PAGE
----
Rwanda's progress in health: Leadership, performance and health insurance

Full report
Romina Rodríguez Pose and Fiona Samuels
June 2011
Overview

Four years of civil war and genocide in Rwanda took the lives of almost 1 million people, leaving the country in a state of almost total collapse in 1994. While 60% of the population still lives below the poverty line, in only 16 years the country has made remarkable improvements on key health indicators, including: infant and child mortality; immunisation coverage; use of family planning; malaria mortality and morbidity; and HIV prevalence.

Progress can be attributed to ambitious reforms in the health sector, including the introduction of community health insurance and boosting of services through staff incentives and performance-based financing (PBF) schemes. Strong leadership, vision and commitment have also been key. Participatory decentralisation, including extensive use and formalisation of community health workers (CHWs), has brought services closer to communities and empowered them to participate in their own development. Meanwhile, effectively coordinated donor assistance has been instrumental in achieving such remarkable outcomes in the Rwandan health sector.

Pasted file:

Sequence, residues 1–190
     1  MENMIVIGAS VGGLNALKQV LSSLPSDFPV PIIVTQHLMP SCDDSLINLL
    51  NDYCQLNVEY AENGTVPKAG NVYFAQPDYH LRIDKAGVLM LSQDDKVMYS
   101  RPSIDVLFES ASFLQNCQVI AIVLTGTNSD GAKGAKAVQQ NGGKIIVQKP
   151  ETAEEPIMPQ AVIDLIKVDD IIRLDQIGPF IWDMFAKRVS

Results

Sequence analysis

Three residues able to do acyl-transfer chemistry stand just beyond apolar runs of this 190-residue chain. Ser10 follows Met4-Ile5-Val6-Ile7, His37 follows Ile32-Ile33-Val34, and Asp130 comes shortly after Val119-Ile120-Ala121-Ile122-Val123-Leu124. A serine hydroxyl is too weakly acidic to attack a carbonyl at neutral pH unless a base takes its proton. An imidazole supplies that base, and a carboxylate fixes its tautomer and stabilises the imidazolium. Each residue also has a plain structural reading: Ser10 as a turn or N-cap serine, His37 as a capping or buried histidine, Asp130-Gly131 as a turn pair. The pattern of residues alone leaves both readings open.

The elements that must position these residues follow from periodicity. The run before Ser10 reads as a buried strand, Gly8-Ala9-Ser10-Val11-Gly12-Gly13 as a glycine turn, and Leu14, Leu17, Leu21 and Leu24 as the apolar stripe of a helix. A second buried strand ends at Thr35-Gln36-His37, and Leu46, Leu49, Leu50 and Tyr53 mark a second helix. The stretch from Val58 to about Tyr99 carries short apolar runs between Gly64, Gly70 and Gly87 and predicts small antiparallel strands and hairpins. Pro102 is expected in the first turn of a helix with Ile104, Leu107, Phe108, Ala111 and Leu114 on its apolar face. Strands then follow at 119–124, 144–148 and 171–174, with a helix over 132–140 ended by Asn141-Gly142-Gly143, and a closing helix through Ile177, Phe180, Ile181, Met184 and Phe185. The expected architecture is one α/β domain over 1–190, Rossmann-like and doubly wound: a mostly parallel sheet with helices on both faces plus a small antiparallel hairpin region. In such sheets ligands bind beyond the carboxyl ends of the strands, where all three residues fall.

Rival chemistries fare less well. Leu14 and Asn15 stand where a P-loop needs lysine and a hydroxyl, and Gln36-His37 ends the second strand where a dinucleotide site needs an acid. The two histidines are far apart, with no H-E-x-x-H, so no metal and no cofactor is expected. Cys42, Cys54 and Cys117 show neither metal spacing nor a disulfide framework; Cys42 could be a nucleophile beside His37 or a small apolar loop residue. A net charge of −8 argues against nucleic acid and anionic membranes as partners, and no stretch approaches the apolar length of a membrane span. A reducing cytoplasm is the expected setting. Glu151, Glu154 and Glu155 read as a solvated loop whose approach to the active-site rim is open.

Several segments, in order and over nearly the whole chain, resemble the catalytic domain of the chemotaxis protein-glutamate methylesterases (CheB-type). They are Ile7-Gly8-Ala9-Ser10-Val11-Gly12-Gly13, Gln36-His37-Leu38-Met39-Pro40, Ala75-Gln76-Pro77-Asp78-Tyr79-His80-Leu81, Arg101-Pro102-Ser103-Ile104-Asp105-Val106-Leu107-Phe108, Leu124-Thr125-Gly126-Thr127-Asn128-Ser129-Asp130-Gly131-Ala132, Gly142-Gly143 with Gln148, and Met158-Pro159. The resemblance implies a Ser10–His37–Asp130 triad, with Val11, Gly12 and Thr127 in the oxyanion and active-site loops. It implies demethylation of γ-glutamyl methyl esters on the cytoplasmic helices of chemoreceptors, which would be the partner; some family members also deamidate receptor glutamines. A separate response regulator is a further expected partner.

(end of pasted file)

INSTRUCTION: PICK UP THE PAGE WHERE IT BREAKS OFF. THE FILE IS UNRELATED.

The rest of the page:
This publication is an output of the following project: Development Progress - A Library of Stories
Language: 
English
Growth, Poverty and Inequality
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